Every year around the Holidays the small box in Southern Hungary called Testakademia (Body Academy) programs a WOD that would make most of us shudder. Simply called the ‘1000’ – it is a pick-your-poison workout for time.
It goes like this. Pick a movement. Do 1000 reps. Log the time.
Some athletes completed 1000 situps and burpees but the real feat of the gym was 1000 rope climbs by one of the coaches. It took over 6 hours and the athlete destroyed several pairs of shoes in the process.
After 4 years at this game I though I have seen everything. Now I have to pick my 1000.
What is yours going to be?
Recently a friend switched to a box where they always do double WODs. A benchmark WOD then 15 min AMRAP. Heavy lifting with hard MetCons. You get the idea.
There are constant arguments for and (mostly) against doubling up max intensity workouts without proper planning. I experimented over the years with various programming of this and here are my conclusions.
– it is not possible to PR two max effort workouts back to back. Sort of makes sense as a rested second WOD would beat a tired one.
– if you want to double up two WODs – leave a few hours in-between. This is moat common and used in competitor training.
– Schedule heavy lifting days (5/3/1, SL or 5×5) on their own without high intensity Metcons. Same logic here: one of them will suffer as heavy lifting recovery is longer than a few hours
– CF Endurance and metcons do well on the same day as sprinting recovery is much faster than heavy lifting recovery
Bottom line: intensity amd recovery is a well studied field and we CrossFitters should heed the wisdom of old.
With that in mind I’m off to programming my Summer Double WOD season..
For years vacation has been a time when I had some extra time for maybe a double WOD or visiting new boxes for a drop-in. This summer my programming requires heavy lifts (5×5) combined with CF Endurance’s increasing distance sprints. Being at DisneyWorld this weekend both got challenged. The heat makes outside running much less fun and I ran out of weights at the hotel gym for the lifts.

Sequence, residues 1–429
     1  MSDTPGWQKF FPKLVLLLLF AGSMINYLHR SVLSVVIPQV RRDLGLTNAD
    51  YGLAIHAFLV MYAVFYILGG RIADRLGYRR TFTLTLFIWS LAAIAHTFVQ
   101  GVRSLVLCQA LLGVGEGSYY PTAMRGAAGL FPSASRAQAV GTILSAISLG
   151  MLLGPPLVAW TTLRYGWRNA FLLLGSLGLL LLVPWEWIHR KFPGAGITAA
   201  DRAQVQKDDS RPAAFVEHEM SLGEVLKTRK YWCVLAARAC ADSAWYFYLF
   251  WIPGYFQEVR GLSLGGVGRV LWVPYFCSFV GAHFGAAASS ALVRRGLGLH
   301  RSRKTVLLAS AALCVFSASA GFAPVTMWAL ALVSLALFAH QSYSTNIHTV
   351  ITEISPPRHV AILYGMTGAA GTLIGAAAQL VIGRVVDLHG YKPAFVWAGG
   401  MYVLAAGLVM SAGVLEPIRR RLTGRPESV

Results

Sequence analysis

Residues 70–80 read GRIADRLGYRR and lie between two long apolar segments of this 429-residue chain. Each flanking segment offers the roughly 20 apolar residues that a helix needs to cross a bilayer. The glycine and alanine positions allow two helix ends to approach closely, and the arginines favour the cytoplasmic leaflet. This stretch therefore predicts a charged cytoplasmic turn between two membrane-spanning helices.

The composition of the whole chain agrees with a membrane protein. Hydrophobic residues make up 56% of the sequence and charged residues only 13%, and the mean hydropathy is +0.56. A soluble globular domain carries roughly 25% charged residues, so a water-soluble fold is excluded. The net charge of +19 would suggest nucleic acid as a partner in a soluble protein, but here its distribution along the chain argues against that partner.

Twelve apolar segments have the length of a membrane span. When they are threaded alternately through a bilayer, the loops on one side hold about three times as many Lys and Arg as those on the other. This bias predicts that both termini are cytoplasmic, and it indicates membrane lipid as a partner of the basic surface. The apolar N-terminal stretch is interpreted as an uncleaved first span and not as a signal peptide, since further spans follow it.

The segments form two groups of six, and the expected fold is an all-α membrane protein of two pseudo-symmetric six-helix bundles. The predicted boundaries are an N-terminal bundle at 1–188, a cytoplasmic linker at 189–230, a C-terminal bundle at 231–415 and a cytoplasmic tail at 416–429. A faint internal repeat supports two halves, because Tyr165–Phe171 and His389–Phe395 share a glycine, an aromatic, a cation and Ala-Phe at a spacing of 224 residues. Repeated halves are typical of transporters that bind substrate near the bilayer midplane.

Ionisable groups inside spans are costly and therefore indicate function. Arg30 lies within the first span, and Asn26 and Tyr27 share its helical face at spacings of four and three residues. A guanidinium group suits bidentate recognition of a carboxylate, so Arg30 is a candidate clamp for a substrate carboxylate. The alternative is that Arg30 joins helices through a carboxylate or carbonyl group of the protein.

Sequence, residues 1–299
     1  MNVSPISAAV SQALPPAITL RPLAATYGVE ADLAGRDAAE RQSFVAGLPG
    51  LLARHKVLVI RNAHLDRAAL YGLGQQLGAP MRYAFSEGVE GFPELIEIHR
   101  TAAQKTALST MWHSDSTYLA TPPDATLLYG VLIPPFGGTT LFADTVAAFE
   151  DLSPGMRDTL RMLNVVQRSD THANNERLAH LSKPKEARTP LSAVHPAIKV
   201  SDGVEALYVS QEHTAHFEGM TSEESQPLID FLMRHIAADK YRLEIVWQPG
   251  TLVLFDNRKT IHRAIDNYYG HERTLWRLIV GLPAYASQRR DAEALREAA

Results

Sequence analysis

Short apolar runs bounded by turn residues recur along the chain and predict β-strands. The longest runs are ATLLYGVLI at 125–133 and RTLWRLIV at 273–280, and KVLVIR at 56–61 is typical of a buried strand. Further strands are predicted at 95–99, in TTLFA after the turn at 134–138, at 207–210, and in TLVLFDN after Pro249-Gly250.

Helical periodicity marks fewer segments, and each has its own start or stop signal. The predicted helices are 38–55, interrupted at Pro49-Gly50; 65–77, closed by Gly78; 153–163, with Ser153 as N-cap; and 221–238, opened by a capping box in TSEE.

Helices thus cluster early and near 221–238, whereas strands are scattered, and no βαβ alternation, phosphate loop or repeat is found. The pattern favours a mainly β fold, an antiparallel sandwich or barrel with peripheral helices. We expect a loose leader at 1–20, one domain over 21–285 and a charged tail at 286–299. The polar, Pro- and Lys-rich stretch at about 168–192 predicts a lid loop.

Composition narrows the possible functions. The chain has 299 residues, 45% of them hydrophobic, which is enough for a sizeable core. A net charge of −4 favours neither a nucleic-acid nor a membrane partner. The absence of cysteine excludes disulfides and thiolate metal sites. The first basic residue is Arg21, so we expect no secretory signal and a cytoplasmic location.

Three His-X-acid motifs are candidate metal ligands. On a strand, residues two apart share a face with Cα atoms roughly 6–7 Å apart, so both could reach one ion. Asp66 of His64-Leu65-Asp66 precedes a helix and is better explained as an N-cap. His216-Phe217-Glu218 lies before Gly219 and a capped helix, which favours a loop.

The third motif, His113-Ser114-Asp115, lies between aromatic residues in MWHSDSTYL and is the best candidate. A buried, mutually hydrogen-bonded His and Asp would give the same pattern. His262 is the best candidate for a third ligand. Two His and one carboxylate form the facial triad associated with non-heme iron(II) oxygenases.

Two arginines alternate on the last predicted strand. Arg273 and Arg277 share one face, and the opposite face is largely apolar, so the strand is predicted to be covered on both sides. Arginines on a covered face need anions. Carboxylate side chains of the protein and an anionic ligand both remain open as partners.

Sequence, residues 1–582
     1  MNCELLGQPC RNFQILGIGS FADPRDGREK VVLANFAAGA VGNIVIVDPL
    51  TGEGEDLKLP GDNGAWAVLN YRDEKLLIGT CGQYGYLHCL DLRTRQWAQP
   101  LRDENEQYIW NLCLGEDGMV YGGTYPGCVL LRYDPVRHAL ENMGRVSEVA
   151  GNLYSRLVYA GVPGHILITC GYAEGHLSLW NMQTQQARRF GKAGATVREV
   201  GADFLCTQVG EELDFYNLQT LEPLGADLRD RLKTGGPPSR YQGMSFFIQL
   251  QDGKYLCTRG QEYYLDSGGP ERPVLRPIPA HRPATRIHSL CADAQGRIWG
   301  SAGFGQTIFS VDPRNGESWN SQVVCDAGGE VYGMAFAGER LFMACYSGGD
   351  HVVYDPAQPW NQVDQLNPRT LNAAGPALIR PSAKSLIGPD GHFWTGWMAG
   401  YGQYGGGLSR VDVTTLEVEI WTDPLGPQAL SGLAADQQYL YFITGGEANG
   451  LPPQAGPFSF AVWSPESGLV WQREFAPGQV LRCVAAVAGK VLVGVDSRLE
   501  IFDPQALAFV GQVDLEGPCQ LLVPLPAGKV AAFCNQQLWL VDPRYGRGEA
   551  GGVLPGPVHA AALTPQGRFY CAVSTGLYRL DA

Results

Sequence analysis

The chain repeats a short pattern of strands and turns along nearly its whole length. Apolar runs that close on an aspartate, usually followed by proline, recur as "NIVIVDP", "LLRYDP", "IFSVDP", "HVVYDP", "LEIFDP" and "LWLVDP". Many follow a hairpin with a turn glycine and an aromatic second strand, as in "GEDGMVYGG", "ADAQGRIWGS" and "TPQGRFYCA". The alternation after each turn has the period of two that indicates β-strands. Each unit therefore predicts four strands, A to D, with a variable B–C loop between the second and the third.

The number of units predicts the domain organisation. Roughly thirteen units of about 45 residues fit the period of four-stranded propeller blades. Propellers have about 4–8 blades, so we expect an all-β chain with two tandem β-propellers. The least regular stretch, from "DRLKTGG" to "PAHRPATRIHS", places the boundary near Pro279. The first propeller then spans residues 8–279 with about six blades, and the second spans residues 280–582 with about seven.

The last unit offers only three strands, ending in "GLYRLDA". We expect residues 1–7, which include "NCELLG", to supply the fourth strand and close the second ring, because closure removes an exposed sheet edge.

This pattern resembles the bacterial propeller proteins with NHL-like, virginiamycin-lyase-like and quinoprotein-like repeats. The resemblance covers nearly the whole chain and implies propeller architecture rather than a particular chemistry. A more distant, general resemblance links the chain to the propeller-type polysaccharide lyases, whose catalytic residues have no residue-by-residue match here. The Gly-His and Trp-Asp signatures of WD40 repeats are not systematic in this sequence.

So I find myself in a new territory: forced deload week. 40% of the planned weights, treadmills (!) and compensating with the 8-10 mile walks in the parks. Should be. A walk in the park, that is.
Every summer my business and personal travel schedule keeps me away from my home box. In fact, when I started CrossFit 3 years ago, I was thrown in to learn all about programming quickly because most travel destinations had no CF gyms. (Well how much that changed…).
Back in 2011, Aimee, my first coach patiently explained the programming template and structured my first month of remote training. After a while things started to make more and more sense. In fact, understanding programming can be very useful to address skill issues, weaknesses or training plateaus. So then I developed my first training template. In many was I keep returning to this one 2 years later as I’m combining strength, metcon and endurance again.
Since then programming creatively became the way of life on business trips. In fact, the travel WODs were in many ways much more demanding than life back in the Box. Some examples that I loved were the Heaven and Hell Week in Beijing in 2011, the 12 Days of Xmas the same year, the Month of benchmark WODs in 2012, Combining SEALFit with the CrossFit routine in 2013.
After a while I tried to distill my travel WOD learnings into some overarching training wisdom with varying levels of success here, here and here.
For this summer’s travel season I’m sure more dubious wisdom shall follow.
This month is my 3rd year of CrossFit and it’s a good time to take inventory of where I am now compared to back in 2011. To keep it simple and CrossFit-like – I decided to make it measurable in 3 categories: fitness, family and community.
– Clean +44%
– Deadlift +56%
– Max double unders +3000%
– Row speed +71%
– Fran speed +263%
– Cindy rounds +205%
Friends and Family
– % of family now in CrossFit: 75%
– hours of quality sports time together: +400%
– # of friends who joined CF with me: 17
– # of CF boxes visited around the world: 117
– # of new friends I made with CrossFit: so many
– # of times I discuss CF with people I just met: always
So where does the journey go from here?
In CrossFit, we are never done. As we get better, we’d better get better. While I improved my own performance 2-3 fold in most movements, my peers challenge me even more every day. When you are doing Crossfit, you are not a generalist as some people think, but a specialist in more and more things.
I checked my Beyond the Whiteboard (BYWB) stats and realized something amazing about this sport and the challenge it has: 2 years ago my gymnastics and lifting results put me in the top 30% of the Crossfitters who post on BYWB. Now while I have gotten twice as good in those movements, it is barely enough to keep me in the top 50%.
The point is that while we are improving in this sport, the athletes of the sport are getting better at a rate never seen before. I cannot think of any other sport where the average athlete and the community as a whole can post this kind of measurable, real improvement. I’m glad to be part of this fun, crazy movement of ours.